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Tuesday, February 21, 2012

The Gospel of Paul

(Editor's note: This week, I'll check in on the candidates by giving each of them one column. To see the latest standings, schedule, and polls, see Sunday's column here.
For the "State of the Newton," click here.
We'll continue now with the state of the Paul Campaign.
)

Ron Paul
Estimated delegate count: CNN-27 (4th), RCP-20 (4th), Wikipedia-37 (4th)
Official delegate count: 9 (3rd place)


Happy is your Grace that can translate the stubbornness of fortune into so quiet and so sweet a style.


Here's the best part about Ron Paul: despite his losses, he's a winner. It's not about the numbers or his momentum. It's not about his polls or his place in the standings. It's not that he's right or wrong, radical or libertarian. It's not that he's wise or crazy, quirky or moody. While the perception and evaluation of Ron Paul might differ from person to person, ideology to ideology, there is one thing, I feel, that everyone can agree on when it comes to the short, elderly Congressman from Texas. He means what he says, he says what he means, he's ideologically clear and consistent, and his quixotic conviction has led to a stubbornness for which we no longer criticize him.

Think about it. Four major candidates have dropped out of the race, and almost all of them came after people wondered what took them so long. Moreover, after New Hampshire, many thought Newt Gingrich should drop out, and after South Carolina, many thought Rick Santorum should do the same (and now they're back to Gingrich). That makes six of eight major candidates that, at one point, heard calls to leave the race.

However, this entire time, there's been relatively little clamor for Ron Paul to follow the path of Cain, Perry, et al. Ron Paul, on some level, has won America's respect. He hasn't won its support--aside, of course, from the passionate 15 percent of Republicans who would walk on coals for him--but he has won its respect. We're fine with Ron Paul being on the national stage. We weren't four years ago. We said he was wasting airtime and debate questions, all in a pointless run for the White House. Nothing has really changed about Paul in the last four years, except our admiration for the septuagenarian that just won't quit. In a pool of candidates that includes a President who reverses promises and positions, a waffling former governor, a conniving former Speaker, and a former Senator who seems to have to moderate countless extreme right-wing quotes from years past, we more than just tolerate another Ron Paul candidacy, we respect it.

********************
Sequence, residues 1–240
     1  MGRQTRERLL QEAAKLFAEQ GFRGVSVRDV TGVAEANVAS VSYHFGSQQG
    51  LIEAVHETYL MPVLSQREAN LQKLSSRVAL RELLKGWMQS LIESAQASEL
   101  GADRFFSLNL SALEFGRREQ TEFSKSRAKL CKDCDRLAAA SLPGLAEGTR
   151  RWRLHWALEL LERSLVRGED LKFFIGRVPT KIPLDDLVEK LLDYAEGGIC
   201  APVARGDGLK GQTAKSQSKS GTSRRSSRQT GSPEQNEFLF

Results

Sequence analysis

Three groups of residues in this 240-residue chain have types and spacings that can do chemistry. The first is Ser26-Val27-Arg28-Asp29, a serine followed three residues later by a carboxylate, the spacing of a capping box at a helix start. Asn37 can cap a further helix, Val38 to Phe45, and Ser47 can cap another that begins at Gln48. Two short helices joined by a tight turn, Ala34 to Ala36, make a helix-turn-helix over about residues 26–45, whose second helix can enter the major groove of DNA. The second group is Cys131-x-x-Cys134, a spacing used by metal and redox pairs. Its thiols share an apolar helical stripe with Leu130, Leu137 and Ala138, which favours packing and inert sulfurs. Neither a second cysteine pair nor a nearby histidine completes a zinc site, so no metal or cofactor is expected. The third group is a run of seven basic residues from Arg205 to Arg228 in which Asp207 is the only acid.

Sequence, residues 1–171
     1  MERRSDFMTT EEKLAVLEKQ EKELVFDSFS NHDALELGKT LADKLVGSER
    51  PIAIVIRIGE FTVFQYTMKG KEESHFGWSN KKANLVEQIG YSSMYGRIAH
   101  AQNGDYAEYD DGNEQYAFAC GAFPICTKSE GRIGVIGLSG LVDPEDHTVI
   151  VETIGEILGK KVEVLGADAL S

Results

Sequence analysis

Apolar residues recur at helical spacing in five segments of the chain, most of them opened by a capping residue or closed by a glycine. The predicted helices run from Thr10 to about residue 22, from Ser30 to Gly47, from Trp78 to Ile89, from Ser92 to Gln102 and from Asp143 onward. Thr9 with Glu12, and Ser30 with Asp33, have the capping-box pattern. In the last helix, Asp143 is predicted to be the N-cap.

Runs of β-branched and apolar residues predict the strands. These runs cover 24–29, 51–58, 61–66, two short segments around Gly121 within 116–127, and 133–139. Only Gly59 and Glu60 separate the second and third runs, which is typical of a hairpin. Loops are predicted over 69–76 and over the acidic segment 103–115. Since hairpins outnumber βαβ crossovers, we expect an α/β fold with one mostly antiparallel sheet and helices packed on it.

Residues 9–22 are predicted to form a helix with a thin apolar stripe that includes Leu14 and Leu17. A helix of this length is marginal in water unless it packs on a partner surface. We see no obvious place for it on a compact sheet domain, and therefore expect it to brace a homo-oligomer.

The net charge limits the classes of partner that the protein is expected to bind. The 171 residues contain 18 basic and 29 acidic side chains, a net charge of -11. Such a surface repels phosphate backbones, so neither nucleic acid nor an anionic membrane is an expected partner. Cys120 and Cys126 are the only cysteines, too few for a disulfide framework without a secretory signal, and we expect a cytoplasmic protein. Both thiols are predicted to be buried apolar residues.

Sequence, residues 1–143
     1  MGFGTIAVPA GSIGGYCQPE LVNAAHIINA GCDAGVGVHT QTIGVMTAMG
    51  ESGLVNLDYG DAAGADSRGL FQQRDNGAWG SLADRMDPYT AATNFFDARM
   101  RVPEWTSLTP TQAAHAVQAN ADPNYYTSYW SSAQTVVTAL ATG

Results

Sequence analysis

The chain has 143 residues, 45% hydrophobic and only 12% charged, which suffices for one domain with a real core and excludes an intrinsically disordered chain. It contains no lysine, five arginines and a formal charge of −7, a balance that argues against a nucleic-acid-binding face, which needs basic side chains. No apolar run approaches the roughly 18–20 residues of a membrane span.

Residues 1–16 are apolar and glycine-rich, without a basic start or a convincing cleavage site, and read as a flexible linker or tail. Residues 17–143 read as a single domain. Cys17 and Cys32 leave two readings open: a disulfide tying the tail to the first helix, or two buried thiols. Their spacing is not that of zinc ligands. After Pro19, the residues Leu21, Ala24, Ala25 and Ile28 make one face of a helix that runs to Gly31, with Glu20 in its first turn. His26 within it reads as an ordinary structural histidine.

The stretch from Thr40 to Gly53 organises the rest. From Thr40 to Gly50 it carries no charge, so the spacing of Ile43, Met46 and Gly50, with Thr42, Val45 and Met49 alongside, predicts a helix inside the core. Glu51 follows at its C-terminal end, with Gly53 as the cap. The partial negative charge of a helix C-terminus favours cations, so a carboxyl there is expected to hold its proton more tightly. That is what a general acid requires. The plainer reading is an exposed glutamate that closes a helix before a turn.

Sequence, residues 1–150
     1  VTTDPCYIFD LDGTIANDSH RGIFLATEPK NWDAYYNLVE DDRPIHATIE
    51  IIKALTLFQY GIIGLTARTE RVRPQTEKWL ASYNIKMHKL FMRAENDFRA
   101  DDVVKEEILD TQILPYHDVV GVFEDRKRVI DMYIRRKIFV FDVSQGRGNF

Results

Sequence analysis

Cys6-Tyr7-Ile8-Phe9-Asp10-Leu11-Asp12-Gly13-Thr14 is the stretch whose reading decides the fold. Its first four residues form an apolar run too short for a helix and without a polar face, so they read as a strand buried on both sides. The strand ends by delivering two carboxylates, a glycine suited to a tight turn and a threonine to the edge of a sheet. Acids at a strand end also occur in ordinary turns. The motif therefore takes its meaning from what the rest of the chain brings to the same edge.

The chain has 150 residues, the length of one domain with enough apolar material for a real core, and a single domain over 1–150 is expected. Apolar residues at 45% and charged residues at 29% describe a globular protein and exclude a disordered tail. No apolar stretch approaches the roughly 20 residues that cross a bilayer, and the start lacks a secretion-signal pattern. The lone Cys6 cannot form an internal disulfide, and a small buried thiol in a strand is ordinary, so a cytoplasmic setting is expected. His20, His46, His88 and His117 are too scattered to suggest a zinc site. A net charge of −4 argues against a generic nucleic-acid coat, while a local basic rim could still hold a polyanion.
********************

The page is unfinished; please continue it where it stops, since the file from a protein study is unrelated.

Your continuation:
Still, that doesn't translate into votes. The main perception of Paul--that his almost religious interpretation of a 225-year-old document will not only cut off America from the world, but the states off from each other, while our infrastructure, schools, and social programs crumble around us--is too crystallized for 80 percent of Republicans (and 95 percent of the country) to actually vote for him. Maine was the state for Ron Paul to win, but he came up just short. Looking around, I'm not sure what other state is in play for the Texas Congressman. On Sunday, when looking at the Republican Primary schedule, I identified the Super Tuesday states of Idaho and North Dakota as Paul possibilities, and I'll add Alaska to that list, too. All three are caucus states, and their light delegations will probably be ignored by the other three candidates.

Regardless, the Paul campaign has never been about winning the nomination. At this point, actually, he's Santorum and Gingrich's best friend. For every delegate Paul wins, it's one less that Romney can. Paul continues to show that, although he can't win, he's good for a chunk of every state's vote and continues to shape the debate. For Ron Paul, polls and horse race coverage do not matter. What matters is making a difference. That was always his mission, and he continues to accomplish it.


So if you move those goal posts forward, if you do realize that Ron Paul's purpose is not to be the nominee but rather to make people think about his issues, then not only has his sweet stubbornness won our respect, but his stubbornness has ultimately made him a winner.

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